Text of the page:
The shield 130 blocks transmission of the light produced by the LED 110, preventing the light 140 from exiting the lens 120 in the area provided with shield 130. The shield 130 may be made of any opaque material that does not allow light 140 to transmit through it. Suitable opaque materials include, but are not limited to, dark paint, silicone, and epoxy. The opaque material forming the shield 130 may be painted or applied to the outer or inner surface of the lens 120. In one application method, the light transmissive portion 125 of the lens 120 is masked so that only the desired shape and size of the shield 130 is exposed. The opaque material is then applied to the lens 120 so that the material adheres only to the exposed portion of the lens 120 intended to form the shield 130. With respect to all of the embodiments disclosed herein, one of skill in the art will understand that the shape, size, and positioning of the shield 130, 230, 330 on the lens 120, 220, 320 may be tailored to suit particular applications and by no means is limited to the embodiments disclosed herein.
Similar to the embodiment of FIGS. 2 and 2A, the lighting assembly 200 illustrated in FIG. 3 allows transmission of light generated by at least one light source such as an LED 210 through a light transmissive portion 225 of a lens 220, and further includes a shield 230 that prevents transmission of light 240 emitted from the at least one LED 210 through the lens 220 in the shielded areas. However, the shield 230 is formed of a reflective material that reflects that same light 240 in a desired direction. The shield 230 may be formed on the outer or inner surface of the lens 220. In one embodiment, a polymeric material is applied to the outer surface of the lens 220 and a metallic finish applied (such as via a vacuum metalizing process) to impart reflectivity. In other embodiments, a reflective paint is used to form the reflective shield 230. Exemplary paints include those sold under the tradenames GL-22, GL-80 and GL-30, all available from DuPont. In yet other embodiments, a reflective liner (not illustrated), such as Optilon™ available from DuPont, may be applied to the lens 220 to form the shield 230.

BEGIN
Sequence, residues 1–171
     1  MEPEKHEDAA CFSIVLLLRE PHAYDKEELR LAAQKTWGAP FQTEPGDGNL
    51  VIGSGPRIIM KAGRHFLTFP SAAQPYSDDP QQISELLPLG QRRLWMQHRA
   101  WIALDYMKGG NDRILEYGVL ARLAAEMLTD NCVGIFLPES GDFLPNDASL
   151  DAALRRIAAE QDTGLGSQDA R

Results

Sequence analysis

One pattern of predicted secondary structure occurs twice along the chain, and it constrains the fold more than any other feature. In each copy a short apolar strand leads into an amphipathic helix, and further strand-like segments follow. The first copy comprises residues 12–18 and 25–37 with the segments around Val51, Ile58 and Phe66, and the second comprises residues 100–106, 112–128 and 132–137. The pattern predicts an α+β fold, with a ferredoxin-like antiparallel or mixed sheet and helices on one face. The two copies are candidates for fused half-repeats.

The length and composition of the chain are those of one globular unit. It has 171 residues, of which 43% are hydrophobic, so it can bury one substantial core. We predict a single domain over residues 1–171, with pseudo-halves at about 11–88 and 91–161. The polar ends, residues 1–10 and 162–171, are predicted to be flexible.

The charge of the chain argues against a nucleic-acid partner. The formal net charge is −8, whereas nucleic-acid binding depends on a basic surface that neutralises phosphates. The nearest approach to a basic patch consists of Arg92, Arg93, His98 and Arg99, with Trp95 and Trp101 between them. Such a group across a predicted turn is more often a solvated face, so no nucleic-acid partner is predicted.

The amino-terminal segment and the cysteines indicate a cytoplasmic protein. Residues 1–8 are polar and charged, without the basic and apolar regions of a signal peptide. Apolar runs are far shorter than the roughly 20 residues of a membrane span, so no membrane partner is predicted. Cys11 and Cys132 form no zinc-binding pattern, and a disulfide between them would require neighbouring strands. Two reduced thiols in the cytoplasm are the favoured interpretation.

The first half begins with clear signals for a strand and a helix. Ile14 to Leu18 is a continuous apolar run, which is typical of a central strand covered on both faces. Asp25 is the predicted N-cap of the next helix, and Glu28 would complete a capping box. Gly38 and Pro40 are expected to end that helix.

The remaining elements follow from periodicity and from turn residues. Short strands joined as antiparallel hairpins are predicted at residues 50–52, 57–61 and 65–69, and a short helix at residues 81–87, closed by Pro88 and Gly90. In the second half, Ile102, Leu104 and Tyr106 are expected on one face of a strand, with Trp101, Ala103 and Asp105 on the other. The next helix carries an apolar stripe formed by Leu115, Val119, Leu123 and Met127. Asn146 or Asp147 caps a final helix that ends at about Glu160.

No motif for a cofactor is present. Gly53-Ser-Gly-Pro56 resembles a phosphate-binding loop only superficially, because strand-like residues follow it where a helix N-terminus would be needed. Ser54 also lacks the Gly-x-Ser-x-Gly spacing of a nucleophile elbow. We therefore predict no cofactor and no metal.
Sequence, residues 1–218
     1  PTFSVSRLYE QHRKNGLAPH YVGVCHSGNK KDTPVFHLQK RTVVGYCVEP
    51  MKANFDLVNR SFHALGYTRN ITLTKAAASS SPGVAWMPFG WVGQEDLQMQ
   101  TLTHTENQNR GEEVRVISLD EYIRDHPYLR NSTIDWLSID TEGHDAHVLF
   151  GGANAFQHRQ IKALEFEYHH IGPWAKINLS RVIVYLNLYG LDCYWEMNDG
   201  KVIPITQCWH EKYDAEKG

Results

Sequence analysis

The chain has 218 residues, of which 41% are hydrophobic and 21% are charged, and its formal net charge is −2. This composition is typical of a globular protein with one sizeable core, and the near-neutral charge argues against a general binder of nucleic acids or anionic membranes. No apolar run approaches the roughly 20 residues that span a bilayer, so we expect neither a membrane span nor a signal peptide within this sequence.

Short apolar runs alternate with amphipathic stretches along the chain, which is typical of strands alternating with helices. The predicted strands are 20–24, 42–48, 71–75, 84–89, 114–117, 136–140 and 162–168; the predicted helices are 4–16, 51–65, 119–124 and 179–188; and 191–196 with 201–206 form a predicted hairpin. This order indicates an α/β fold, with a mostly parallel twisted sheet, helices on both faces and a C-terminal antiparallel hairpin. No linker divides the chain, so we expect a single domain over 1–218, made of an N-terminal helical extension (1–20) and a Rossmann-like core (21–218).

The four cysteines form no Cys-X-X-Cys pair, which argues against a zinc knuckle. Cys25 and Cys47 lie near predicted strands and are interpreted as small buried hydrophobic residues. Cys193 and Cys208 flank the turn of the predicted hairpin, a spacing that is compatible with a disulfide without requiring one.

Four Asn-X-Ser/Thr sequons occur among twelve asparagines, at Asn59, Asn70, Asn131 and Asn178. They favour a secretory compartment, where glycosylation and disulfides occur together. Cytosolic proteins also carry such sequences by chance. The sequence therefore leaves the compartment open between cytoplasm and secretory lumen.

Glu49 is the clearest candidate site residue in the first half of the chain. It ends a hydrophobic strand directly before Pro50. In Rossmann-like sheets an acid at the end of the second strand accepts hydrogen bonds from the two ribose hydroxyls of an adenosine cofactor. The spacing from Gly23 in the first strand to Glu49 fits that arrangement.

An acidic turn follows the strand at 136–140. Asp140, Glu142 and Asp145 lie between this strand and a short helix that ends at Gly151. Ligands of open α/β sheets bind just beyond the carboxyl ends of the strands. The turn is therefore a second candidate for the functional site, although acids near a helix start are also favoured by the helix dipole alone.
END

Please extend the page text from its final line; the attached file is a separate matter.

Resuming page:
The lighting assembly 300 of FIG. 4 operates in much the same fashion as that in FIG. 3, with a lens 320 having a light transmissive portion 325 and a shield 330, but is formed of a co-molding process to form the shield 330 integral with the lens 320. A first thermoplastic material such as polycarbonate is introduced into a mold to form the light transmissive portion 325 of the lens 320, and a second material, preferably a highly reflective plastic or other material such as opaque polycarbonate, acrylonitrile-butadiene-styrene (abs), nylon other polymeric material, is introduced into the mold to form the non-light transmissive portion or reflective shield 330. The shield 330 blocks light 340 emitted by the at least one LED 310 in the one direction and, if reflective, redirects the light 340 in another direction.
The foregoing is provided for purposes of illustrating, explaining, and describing embodiments of the present invention. Further modifications and adaptations to these embodiments will be apparent to those skilled in the art and may be made without departing from the scope or spirit of the invention.